The Daily Inter Lake from Kalispell, Montana on June 6, 1976 · Page 16
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The Daily Inter Lake from Kalispell, Montana · Page 16

Kalispell, Montana
Issue Date:
Sunday, June 6, 1976
Page 16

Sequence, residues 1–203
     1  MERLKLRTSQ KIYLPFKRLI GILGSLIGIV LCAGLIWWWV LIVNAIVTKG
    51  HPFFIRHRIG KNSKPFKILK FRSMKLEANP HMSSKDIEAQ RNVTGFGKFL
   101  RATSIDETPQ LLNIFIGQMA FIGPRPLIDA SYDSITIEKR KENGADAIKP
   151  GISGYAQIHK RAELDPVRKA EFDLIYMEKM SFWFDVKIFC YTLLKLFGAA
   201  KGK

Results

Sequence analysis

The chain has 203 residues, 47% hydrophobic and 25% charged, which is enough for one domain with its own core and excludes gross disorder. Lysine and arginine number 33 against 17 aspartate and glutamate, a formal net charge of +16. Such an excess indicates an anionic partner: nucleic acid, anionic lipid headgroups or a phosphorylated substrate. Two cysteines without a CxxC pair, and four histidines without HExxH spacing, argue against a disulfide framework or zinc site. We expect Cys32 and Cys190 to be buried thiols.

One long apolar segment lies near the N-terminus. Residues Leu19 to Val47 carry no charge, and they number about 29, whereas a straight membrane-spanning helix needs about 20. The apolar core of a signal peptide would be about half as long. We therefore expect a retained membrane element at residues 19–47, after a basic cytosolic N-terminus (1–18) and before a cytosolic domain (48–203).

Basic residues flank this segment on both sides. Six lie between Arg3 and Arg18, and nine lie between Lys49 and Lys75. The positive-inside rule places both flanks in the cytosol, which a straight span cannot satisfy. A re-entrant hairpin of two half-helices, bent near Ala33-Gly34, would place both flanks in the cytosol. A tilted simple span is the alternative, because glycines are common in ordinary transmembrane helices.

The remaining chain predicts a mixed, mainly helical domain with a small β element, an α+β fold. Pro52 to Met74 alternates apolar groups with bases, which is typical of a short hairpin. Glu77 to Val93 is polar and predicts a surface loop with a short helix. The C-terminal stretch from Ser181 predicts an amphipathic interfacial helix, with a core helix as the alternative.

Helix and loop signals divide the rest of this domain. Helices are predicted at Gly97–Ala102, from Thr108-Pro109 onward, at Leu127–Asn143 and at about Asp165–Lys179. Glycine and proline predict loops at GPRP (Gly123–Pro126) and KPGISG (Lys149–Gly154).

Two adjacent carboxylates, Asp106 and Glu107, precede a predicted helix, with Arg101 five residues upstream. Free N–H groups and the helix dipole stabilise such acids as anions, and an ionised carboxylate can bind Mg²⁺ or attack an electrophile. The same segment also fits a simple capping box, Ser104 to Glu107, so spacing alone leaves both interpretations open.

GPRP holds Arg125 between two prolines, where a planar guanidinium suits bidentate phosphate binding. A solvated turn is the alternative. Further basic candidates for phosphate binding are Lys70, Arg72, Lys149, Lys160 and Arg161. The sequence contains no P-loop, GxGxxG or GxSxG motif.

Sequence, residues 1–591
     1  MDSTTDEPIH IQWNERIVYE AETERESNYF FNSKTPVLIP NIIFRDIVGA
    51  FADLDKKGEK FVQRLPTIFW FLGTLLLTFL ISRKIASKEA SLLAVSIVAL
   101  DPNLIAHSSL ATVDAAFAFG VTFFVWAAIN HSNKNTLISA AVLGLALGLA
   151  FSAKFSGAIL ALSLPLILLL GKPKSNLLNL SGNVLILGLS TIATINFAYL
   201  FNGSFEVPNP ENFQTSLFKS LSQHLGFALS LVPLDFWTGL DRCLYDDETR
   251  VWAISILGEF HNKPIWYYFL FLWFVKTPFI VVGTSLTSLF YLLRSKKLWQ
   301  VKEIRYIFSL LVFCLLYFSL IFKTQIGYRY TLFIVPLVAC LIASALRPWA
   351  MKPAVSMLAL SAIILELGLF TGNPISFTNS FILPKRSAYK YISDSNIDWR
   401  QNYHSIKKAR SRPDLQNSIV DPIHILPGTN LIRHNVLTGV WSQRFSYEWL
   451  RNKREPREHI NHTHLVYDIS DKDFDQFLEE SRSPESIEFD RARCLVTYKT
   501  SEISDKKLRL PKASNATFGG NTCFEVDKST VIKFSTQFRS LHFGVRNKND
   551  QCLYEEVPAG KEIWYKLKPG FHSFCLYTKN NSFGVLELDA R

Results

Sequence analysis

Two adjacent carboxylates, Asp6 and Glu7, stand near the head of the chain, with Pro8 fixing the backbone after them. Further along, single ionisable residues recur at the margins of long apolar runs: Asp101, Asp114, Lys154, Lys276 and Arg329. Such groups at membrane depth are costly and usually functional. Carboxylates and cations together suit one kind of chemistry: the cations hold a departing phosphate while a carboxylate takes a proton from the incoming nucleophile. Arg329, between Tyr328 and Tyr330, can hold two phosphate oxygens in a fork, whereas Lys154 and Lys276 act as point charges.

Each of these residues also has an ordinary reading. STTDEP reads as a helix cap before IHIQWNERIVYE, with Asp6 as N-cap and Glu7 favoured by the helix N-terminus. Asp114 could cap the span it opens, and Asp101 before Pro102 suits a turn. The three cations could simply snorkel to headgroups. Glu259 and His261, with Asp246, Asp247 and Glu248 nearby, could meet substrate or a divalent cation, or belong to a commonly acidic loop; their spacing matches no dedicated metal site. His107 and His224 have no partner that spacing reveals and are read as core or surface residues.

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mt Th» M* Jntw Uke. KaMpA Monttftt SSftWS«a»8!fc^^ rap crime... WASHINGTON AP) - They ay they are prisoners in their own apartments, and not .even safe there. They say they are afraid to walk the streets of their city and tbe halls of their public bousing buildings because they've been mugged, beaten, or taken by con artists. They say they are angry because, after working hard all their lives, the; have not obtained the peace and respect they feel they deserve. And they say they want the government to take their lax dollars and do something about it. These are Washington's elderly, who, because of their frailty and loneliness are particularly susceptible to crime. About a dozen of these elderly victims testified this week before the House Select Committee on Aging at a hearing held in the Edgewood Terrace Senior Citizens Center in northeast Washington. "In a free country ... you can't hardly live for being afraid you'll be ill-treated by the same kind of animal you are -- a human being," James F. Kelley. 74, said. Kelley's wife had been mugged. "I just can't see why the citizens of America who have worked hard for this country and gotten to this golden age, and can't be respected," he said, tears brimming in his bright brown eyes. "There have been several robberies and people have been beaten up in my building. Two of them never came back from the hospital," Mrs. Sinclair Wylie said. "It nukes you feel like you are living in a prison. I even call my apartment 'Ceitblock 1003,'" Mrs. Wylie said. About 35 per cent of all crimes committed in Washington, D.C., are against people over 50, Del. Walter Fauntroy, D-D.C., testified. But psychological consequences of crime are perhaps more traumatic for the elderly than are the physical ones, Fauntroy said, causing senior citizens to curtail trips to the bank, market and church. Because of the need for someone to talk to and declining mental awareness, senior citizens are easy marks for confidence men, said police LI. Kenneth Moreland. Only about five to 10 per cent of those who have been taken in by a con artist report the crime. Moreland said. They are embarrassed or feel they did something illegal. All who testified decried a lack of security in the National Capital Housing Authority senior citizen buildings. It's easy for alcoholics, robbers and eon men to get in and out, they said. Mrs. Tomme Pierre, head of a r e s i d e n t c o u n c i l f r o m those buildings, said most security guards are untrained, underpaid students. Most of those who testified had either been mugged themselves, or had neighbors who were victimized. Many cried as they recounted being attacked on busy streets in broad daylight. Fully Cooked" Worrell's 'SHANK HALF" HAMS "Far Breakfast, Lunch or Main Meal" 12 01. pka. Reg.$1.29eo. BUTT H A L F . . . M.07 lb. nation's capital Baby business booms PORTLAND, Ore. (AP) - "Child bearing has become an industry," says an official of the Child Welfare League of America. "Today, ordering a baby is like putting in an order for a new Vega. "You buy the color you want, you buy the model you want and all that anyone cares is that you've got enough money to pay;, fpr it," Merwin R. Crow, the organization's assistant executive director, "said Friday, Black-market babies are a booming business in this country, he told the Portland City Club. "The high price for an infant today ; -- granted he or she is white, physically fit and mentally okay - is between $40,000 and $50,000. "A low-cost baby would be between $7,000 and $8,000," he said. "And maybe you could get a 'Friday Surprise 1 for under $7,000." Crow estimated that about 5,000 children in the U.S. are sold on the black market annually to "wealthy, childless couples who will do anything or pay anything for children." He added, "If people don't realize what black-marketing of babies is doing, the wealthy will win. Simply because someone has $40,000 or $50,000 to spend doesn't mean they will make good parents. Crow said there are about 100,000 legally adoptable children in America, "but most of them are not white and some have physical and mental problems." He urged that potential adoptive parents deal only .with legally accepted agencies and to "at least consider the possibilities of taking hard-to-place children." That category includes older children, youngsters of mixed races, those with physical problems, the retarded, the emotionally disturbed and siblings whose families requested that they be kept together. "There has been a phenomenal flipflop that's created a scarcity of children," he said. "In 1970, 75 per cent of all unmarried pregnant women gave up their babies for adoption. "In 1975, only 25 per cent did because of the pill and abortion and the sociological acceptance of keeping an illegitimate child." Legal: No. 1452 PUBLIC NOTICE LEGAL NOTICE Of Proposed Subdivision Development Notice is hereby given of a public bearing to be held (al 8 p.m. June a, \m at UK P.P.L. Service Center. Meridian Rd.) At Uiis time, pursuant to Sections 11-3859 through 11-3876. RCM, 1947. as amended, the Kalisnell City- County Planning Board) will hear and consider any public comment to b made c o n c e r n i n g the general acceptability of DIE following proposed land subdivi- sjoni. including the anticipated environmental, social, and economic impact. 1. S I L V E R S H A D O W S MOBILE HOVE P A R K : Located on Tract IB. in the EVt. SWVi. Section 28 T29N H 2 I W . PM.M. F l a l h e a d County. Ml. Adjacent to the Burlington Northern Right of Way on the East. West Reserve Drive on the South and Scenic Tracts Subdivision on the West. 40 Acres proposed for IK mobile horn? spaces. Detailed information regarding said proposed preliminary plats is available for public inspection in the offices of the Flatted County Areawide Planning Organization. Room 2. Ford Building, Kalijpell, Montana. Jim ^fohn A.P.O Current Planner June 6. 1876 ~ No, 1451 NOTICE OF SALE of Cqir.NTY PROPERTY Notice is hereby given that the The Board reserves the right (o reject any and all bids offered Dated this 2nd day o( June 1976 BOARD OF COUNTY COMMISSIONERS Joe A. DeLong. Chairman Ethyl I.. SroiUi, Clerk of Board June 6, 13. 20, 27. 1576 This doily test pattern is part of our quality control program to bring you the · ·^..t.,. , f uticuj given inai me DCS" possible pnntmcf following County owned property renroductian has been appraised and will be oY- reproauction. fcred for sale at public auction at the front door of th Courthouse. Kalispeii, Montana at 10:00 a.m.. July 6. 1976. The old Mills House Structure located on Lot 1 Block 203. Kalispeii Addition No. 3. Appraised Value of 15.000.00. To be moved by purchaser within 30 days. Cost of removal to be deducted from bid D£I V A H f*ff"T l i f t i Kfc YQy bf;1 ALL H GREEN BAB STORES FEATURi ONLY *H "HOSTESS PRIDE" U.S.O. A. Choke Beef I SMOKEES ea. Bar-S "Assorted Varieties" SLICED LUNCH MEATS 6 01. Reg. 73' ea. 2^00 Armour's "The Dogs Kid* Love To Bite' "Meat" or "Beef" ^ A .«., OQC ib. HOT DOGS U.S. No. 1 Quality-Crisp Crunchy "Medium Size" Stalks! CELERY MY-TE-FINE Produce Fresher by Far Vine-Ripened, Juicy Emerald Green Flesh! Free Recipe Available! am Finest v^-; "All-Purpose" 'Apples - U.S; Fancyri| RED ROME BEAUTIES APPLES HONEYDEW MELONS New California Crop -U.S. No. 1 Quality! YELLOW ONIONS Free Recipe Available! Reg.33'lb. My-Te-Fine "Choice Y.C." * Sliced * Halves m « PEACHES 47. c ea. 29 oz. tin f We Gl ^U.S.D.A. Gladly Accept Food Stamps Walla Walla *Cream Style * Whole Kernel CORN 970 17 01. tin mm I · a - MARGARINE AMERICAN APPLIANCE COMPANY FOR THE FINEST IN KITCHEN CREATIONS! Distributors of Kt, BOISE CASCADE, MO QUAKER MM KITCHEN CAHETS CONTACT YOUR LOCAL BUILDER 3UUNGS 2401 Minnesota Av«. 257-0188 GREAT FALLS 2924 S. 10th Ave. 761-2400 Reg. 49° JAKED FRESH "EVERYDAY'S · "Great Breakfait treat-Extra Goodness ^ With Heating Topped " With A Butter Pot" ASSORTED FRUIT FILLED. . . ! DANISH ROLLS For Glad KITCHEN/GARBAGE BAGS we,. 77° · · ea. Crystal White 'Rtgular * lemon Liquid Detergent 48 oz. 73£ Hunt's WESSON OIL ·24 01. French's MUSTARD "Large 24 oz. 79 53 "Chicken of the Sea" Chunk - Light Meat TUNA 6W oz. tin 55 C ea. Taystee MACARONI ·Sea Shells'Salad 22 oz. pkg. Reg. 65' 43« Oberti "Large Pitted" RIPE OLIVES 6oz. tin Reg. 59 39 C ea. Reg. 18 c ea. Wexford Crystal This Week: Stemmed Wine with every *00 purchase Thii magnifrcinT crystal g l o n w a i * it Q machine lepiorfutlton of hand madt lead crystal imported from Europe. Wcxford it ttyfod m «v*ry way for Icxiay'i living. My-Te-Fine "Finest Quality" SALAD DRESSING Store Ho\jrt B a m t o 1 0 p rn Daily i !«TI aod p"«i H BAB Stor*i in *h 'C.OUd unl«« p